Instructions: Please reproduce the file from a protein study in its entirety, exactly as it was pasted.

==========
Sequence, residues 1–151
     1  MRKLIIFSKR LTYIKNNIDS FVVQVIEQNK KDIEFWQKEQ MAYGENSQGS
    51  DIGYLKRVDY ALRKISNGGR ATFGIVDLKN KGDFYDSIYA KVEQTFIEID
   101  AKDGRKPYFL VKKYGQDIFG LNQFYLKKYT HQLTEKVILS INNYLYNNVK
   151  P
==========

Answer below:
Sequence, residues 1–151
     1  MRKLIIFSKR LTYIKNNIDS FVVQVIEQNK KDIEFWQKEQ MAYGENSQGS
    51  DIGYLKRVDY ALRKISNGGR ATFGIVDLKN KGDFYDSIYA KVEQTFIEID
   101  AKDGRKPYFL VKKYGQDIFG LNQFYLKKYT HQLTEKVILS INNYLYNNVK
   151  P